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What is the best way to check if all the objects in the Ruby hash are defined (not nil)?

The statement should return false if at least one element in the hash is nil.

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up vote 21 down vote accepted

You can use all? to check whether a given predicate is true for all elements in an enumerable. So:

hash.values.all? {|x| !x.nil?}

Or

hash.all? {|k,v| !v.nil?}

If you also want to check, all the keys are non-nil as well, you can amend that to:

hash.all? {|k,v| !v.nil? && !k.nil?}
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3  
Without a block all? automatically checks if the (array) elements are non-nil, so the value check can be reduced to hash.values.all?, and the keys+values check to hash.flatten.all?! – glenn mcdonald Nov 27 '10 at 18:57
1  
@glenn: Not quite. It checks that they're truthy. false is not nil, but it's also not truthy. – sepp2k Nov 27 '10 at 19:03
    
If you're on ruby 1.8.7 or later, or on Rails, you could do ! hash.values.any?(&:nil?) . – Andrew Grimm Nov 28 '10 at 22:52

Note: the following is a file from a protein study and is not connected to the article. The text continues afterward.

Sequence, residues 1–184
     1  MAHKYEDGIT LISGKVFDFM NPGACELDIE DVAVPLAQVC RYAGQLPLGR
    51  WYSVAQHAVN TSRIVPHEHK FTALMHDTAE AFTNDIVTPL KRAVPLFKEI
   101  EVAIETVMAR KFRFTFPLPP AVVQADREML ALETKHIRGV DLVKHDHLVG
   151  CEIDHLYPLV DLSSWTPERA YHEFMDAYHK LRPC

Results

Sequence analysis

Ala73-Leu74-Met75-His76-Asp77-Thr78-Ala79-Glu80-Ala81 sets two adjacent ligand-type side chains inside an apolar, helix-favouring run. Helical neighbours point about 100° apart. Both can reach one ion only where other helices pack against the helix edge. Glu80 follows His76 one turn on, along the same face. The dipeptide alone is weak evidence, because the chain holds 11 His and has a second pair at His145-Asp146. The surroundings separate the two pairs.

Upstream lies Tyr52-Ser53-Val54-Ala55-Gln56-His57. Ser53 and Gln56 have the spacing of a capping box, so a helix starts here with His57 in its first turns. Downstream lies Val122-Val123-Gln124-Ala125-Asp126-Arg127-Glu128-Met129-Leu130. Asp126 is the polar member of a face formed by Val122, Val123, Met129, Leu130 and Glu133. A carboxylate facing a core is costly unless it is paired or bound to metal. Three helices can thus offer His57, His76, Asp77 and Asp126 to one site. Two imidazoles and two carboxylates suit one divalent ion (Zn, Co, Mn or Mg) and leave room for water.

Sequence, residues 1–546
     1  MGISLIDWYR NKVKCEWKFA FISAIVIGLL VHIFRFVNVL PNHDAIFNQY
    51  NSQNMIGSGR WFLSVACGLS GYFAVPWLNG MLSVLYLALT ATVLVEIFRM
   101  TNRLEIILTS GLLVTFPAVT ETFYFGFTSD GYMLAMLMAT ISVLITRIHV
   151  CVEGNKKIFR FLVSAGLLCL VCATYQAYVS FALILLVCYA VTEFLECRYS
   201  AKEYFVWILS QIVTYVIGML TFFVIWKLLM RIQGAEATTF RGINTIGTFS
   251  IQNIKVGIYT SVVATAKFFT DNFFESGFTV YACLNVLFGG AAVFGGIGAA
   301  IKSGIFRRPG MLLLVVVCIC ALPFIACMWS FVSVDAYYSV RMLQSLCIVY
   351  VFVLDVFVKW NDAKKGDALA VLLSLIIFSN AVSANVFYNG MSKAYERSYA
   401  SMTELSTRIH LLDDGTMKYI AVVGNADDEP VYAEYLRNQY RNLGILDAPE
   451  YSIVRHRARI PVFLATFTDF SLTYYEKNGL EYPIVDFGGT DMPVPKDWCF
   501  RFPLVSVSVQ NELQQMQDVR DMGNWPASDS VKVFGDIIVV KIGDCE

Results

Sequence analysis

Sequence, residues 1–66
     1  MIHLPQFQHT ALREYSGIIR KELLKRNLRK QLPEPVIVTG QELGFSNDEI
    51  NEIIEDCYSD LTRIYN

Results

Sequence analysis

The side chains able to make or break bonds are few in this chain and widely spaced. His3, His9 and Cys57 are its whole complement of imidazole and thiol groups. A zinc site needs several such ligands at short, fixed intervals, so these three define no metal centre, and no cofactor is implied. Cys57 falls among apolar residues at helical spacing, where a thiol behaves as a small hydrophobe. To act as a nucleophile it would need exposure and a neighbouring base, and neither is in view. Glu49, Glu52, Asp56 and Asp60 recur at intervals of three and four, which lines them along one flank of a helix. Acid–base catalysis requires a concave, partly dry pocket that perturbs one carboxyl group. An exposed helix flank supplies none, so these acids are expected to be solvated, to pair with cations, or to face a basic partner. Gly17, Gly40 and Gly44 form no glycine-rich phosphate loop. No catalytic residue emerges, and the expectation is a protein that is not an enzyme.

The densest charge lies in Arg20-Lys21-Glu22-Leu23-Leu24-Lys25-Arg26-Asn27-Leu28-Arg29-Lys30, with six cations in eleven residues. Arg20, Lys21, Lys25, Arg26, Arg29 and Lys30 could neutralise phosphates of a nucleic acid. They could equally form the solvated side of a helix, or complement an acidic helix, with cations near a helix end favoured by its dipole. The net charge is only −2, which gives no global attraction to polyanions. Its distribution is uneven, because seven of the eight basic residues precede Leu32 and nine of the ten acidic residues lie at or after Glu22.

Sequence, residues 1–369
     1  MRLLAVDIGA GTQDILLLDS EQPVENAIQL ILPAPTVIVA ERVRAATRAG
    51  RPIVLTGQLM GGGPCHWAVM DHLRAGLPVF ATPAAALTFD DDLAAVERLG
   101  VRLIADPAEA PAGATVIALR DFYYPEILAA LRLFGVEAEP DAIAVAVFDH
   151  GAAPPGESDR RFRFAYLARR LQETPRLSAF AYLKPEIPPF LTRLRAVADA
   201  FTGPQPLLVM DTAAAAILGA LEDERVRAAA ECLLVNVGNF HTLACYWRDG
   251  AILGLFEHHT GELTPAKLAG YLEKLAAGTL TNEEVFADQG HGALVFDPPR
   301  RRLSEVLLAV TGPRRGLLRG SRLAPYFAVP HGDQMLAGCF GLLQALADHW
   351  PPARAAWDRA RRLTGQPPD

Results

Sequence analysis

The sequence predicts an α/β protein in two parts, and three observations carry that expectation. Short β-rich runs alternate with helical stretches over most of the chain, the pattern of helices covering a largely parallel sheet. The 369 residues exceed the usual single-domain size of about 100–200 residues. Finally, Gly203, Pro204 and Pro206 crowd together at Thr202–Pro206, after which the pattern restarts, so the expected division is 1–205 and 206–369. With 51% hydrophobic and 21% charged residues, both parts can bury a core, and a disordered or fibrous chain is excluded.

Another way:

!hash.values.include? nil
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1  
BTW, in Rails it's even better: hash.values.exclude? nil – Mark Thomas Nov 29 '10 at 16:21

Enumerable#all? method does exactly what you need.

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An element (value) that is nil is defined. It's defined as the nil object.

If you're wanting to check if there's any keys missing, then do the following:

hash = {:key1 => nil, :key2 => 42, :key3 => false}
keys = [:key1, :key2, :key3]
all_defined = keys.all?{|key| hash.has_key?(key)} # Returns true
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